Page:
6 Major Implications of Reliance Jio’s Impending Launch on Indian Telecom
By now Jio’s network has already opened for people interested in using it. Earlier, it was only employees that got access to the network. Later on the employees were allowed to share invites to allow their friends and family to try Jio’s network, the catch being that those invited had to buy a LYF device and the Jio SIM that came with the LYF device was locked to it. Recently though anyone can go buy a LYF device irrespective of whether they have an invite or not. Also Reliance Communications’ recently launched 4G network largely latches on to Jio’s network for roaming purposes and in certain other circumstances as well.
I am not going to predict when Jio is going to launch, because the company has constantly delayed it but it’s widely believed that once Jio manages to deploy its own and Rcom’s 850 MHz band all over India, the launch would finally happen. Anyhow, whenever Jio launches, it’s going to have significant implications on the industry, some of which I am going to detail here.
1. The telecom industry would bleed
Reliance Jio is entering on a pan India basis and with a lot of network capacity. The operator aims to have 100 million subscribers in the first 12 months of its network launch. Currently the top three telecom operators in India i.e. Airtel, Vodafone and Idea combined also don’t have 100 million 3G/4G subscribers. So if Jio is to hit its 100 million target within a year of launching operations, not only does it have to poach data subscribers from other operators, but also convince people who have not previously subscribed to data packs to start using data. The easiest (and possibly the only) way for both scenarios would be to reduce prices.
If Jio provides data at cheap rates, then other operators will have to reduce their prices as well. Most Indian telecom operators have razor thin margins and a very big reason why they’re able to operate at such razor thin margins is because of their scale. If Jio starts drawing millions of subscribers from other operators, then inevitably other operators would have to reduce their prices as well in order to be able to maintain their scale. During all this, expect quite a lot of the currently profitable operators to go in the red.
2. An expanded market for data
While the price war with Jio would make some of the currently profitable operators face losses, it would ultimately lead to an expanded market which would be a big positive for the industry as a whole. A big reason why voice calling is so cheap in India is because of the sheer number of subscribers Indian telecom operators have, while almost all of these subscribers make calls, the number of subscribers who use data is just a fraction.
But even mobile voice calling used to be something that only a few people in India could afford initially but intense competition in the Indian telecom industry had made voice calling so cheap that a large number of people could afford it later on. The fall in calling rates was accompanied by an equally meteoric rise in volume because existing voice users were talking for more minutes than before and newer voice subscribers were coming. This huge expansion in volume helped Indian telecom operators operate profitably even though the price per minute had fallen. Of course the key here was competition.
Reliance Jio is going to bring similar competition to the data market. If the price per GB/MB falls, then not only will current internet users use more data than before, but even people who have previously resisted using data because of its high price would start using data. Just like voice calls, this expanded data volume would let telecom operators price data cheaper and still make profit as the cost would distributed amongst a larger set of users using more data than before.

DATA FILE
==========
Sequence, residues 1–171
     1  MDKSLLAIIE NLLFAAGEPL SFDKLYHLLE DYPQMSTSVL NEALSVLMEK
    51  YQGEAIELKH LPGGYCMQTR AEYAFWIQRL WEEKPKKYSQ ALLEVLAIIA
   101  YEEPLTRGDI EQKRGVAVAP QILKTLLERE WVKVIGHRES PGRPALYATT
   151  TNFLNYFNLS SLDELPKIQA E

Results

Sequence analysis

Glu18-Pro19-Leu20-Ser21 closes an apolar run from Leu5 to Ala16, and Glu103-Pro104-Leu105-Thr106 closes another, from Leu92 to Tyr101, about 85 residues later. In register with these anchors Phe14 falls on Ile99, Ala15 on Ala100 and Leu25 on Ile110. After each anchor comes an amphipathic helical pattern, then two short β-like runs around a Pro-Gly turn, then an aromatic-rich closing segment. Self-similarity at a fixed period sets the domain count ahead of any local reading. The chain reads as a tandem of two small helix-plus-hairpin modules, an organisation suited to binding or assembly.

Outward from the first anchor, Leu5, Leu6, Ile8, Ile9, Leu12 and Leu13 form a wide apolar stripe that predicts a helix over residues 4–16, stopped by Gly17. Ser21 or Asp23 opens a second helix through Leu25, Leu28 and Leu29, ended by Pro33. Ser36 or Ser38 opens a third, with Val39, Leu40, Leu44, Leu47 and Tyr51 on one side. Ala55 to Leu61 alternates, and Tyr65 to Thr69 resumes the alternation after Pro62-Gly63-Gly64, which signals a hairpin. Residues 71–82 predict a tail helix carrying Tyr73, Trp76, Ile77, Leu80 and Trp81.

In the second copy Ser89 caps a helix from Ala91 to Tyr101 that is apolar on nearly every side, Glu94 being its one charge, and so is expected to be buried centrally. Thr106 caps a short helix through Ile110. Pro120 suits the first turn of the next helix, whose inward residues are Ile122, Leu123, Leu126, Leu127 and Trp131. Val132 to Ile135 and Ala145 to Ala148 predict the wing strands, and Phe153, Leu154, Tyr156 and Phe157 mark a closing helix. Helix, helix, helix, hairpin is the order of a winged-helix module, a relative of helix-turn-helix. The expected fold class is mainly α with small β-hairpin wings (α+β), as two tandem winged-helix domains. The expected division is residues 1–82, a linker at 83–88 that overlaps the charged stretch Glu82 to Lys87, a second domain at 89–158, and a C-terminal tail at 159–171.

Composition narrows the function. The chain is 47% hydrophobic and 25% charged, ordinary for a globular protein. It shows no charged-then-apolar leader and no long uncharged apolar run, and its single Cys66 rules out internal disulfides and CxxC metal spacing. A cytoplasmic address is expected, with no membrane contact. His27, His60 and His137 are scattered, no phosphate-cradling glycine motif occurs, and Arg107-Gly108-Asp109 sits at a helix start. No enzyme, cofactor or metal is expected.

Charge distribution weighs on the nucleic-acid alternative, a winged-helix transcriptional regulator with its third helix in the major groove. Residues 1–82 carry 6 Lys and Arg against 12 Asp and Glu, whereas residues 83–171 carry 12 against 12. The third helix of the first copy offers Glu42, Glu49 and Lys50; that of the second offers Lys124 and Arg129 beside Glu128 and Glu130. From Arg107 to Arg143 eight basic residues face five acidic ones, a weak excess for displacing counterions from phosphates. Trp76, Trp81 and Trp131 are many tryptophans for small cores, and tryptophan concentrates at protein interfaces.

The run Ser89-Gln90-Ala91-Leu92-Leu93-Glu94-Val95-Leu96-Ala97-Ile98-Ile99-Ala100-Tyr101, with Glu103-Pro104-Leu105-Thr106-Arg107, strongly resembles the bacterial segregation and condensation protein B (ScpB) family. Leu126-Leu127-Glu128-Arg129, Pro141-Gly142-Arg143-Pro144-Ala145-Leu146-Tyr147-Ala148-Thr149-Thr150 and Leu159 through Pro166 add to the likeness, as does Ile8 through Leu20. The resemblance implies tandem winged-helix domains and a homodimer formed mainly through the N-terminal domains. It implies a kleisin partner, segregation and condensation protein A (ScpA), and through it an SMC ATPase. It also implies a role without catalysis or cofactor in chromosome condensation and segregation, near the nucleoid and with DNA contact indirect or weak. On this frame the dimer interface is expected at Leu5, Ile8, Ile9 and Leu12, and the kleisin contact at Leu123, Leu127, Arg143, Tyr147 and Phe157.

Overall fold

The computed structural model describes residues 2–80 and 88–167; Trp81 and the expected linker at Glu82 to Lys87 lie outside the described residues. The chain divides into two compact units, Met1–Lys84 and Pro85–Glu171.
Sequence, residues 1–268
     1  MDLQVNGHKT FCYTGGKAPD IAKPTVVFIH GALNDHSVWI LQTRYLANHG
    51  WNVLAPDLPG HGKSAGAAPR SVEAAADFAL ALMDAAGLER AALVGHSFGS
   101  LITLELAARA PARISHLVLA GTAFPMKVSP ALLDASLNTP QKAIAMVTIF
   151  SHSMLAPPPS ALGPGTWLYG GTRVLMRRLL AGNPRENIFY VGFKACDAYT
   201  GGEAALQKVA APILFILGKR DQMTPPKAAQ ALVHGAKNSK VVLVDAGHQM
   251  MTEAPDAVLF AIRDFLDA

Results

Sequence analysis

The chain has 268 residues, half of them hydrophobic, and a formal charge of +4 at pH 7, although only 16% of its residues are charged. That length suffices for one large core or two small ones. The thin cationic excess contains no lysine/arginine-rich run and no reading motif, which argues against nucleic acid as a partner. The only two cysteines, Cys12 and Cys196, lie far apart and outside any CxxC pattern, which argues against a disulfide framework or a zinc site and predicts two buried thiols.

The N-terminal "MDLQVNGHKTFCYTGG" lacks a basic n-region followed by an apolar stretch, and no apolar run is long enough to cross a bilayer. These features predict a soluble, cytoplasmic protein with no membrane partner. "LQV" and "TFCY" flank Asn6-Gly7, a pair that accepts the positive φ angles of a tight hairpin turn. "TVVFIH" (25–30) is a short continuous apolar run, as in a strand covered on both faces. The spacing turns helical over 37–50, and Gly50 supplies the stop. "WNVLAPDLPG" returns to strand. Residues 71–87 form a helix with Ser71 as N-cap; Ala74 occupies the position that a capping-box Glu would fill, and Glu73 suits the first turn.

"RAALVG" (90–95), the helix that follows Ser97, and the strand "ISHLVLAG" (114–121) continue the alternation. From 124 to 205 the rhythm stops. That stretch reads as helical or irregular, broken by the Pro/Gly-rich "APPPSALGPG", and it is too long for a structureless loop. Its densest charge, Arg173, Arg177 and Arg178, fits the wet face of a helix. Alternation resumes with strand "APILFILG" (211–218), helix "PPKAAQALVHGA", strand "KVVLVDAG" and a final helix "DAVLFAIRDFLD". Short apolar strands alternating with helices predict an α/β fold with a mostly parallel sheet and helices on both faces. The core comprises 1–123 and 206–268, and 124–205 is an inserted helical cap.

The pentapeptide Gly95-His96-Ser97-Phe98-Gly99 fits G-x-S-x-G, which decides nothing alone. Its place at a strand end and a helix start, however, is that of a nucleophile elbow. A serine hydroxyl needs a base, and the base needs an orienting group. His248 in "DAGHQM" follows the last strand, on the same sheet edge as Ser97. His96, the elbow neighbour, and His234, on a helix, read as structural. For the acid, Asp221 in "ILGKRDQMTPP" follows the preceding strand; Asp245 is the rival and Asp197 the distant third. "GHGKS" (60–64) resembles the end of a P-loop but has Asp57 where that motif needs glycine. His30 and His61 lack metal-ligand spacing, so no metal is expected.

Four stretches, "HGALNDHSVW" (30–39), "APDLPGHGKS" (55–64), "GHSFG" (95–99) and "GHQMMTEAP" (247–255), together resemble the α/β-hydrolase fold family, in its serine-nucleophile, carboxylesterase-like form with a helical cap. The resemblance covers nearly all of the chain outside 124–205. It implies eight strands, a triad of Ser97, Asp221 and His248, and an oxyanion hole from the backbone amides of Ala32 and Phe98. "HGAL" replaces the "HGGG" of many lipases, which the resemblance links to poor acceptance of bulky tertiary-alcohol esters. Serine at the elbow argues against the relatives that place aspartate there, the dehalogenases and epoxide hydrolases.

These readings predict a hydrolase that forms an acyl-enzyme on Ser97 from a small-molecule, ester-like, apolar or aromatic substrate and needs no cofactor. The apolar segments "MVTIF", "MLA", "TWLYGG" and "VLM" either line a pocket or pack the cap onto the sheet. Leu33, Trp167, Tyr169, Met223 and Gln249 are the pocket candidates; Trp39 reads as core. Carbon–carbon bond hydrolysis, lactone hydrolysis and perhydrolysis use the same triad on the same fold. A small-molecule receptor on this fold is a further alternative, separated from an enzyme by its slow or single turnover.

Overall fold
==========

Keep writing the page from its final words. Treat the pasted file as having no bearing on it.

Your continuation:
3. Difference between voice and data
Even though I believe that an expanded data market would reduce the price per MB/GB, there are quite a lot of differences between voice and data, the three key differences I’ll mention here –
a) Price per second vs price per KB
Currently, voice calling rates on a per second basis are extremely cheap ranging from 1-1.5p/second. This really helps voice to be used even amongst the poorest, as a 15-20 second call costs less than 50 paise. Although call rates on a per second basis are very low, the same is not true for data.
Currently if you don’t have a data pack, operators charge anywhere from 4p/10KB – 10p/10KB of data. This is extremely expensive considering that most Android apps consume several MBs of data in the background. If you use data without a data pack, then safe to say your balance would be over in a couple of minutes. However leaked pricing indicates that Jio could price its data as low as 0.5p/10KB without a data pack which means even a short 10MB data session would cost only Rs 5 on Jio whereas the same today without a data pack can cost as much as Rs 40 – Rs 100.
The reason why the price per KB matters is because not everyone is going to able to pay upfront for a data pack and there would be several people who would use data only occasionally. Of course, considering the amount of data Android apps consume in the background it makes sense to subscribe to a data pack, but there is always the chance that price per KB can fall even further.
b) Free user
As far as voice calls are concerned, even if a user is on a telecom operator’s network and has zero balance, he’s still a profitable consumer as long as he gets a lot of incoming calls. In case of voice calls, the concept of termination fee meant that even if a user on a telecom operator’s network didn’t have any balance, the termination fee the operator got for every minute of incoming voice call made having user on the network worth it. This meant that even if someone didn’t have the balance to make a call for a long duration or didn’t want to have his balance cut, he could just give the person he intends to call, a missed call and have that person call him back.
In the above mentioned arrangement, everyone wins financially, as the operator from where the call originates charges the user who has placed the call and the operator where the call terminates is paid termination fee by the origin operator. Also the user who receives the call doesn’t have to pay anything.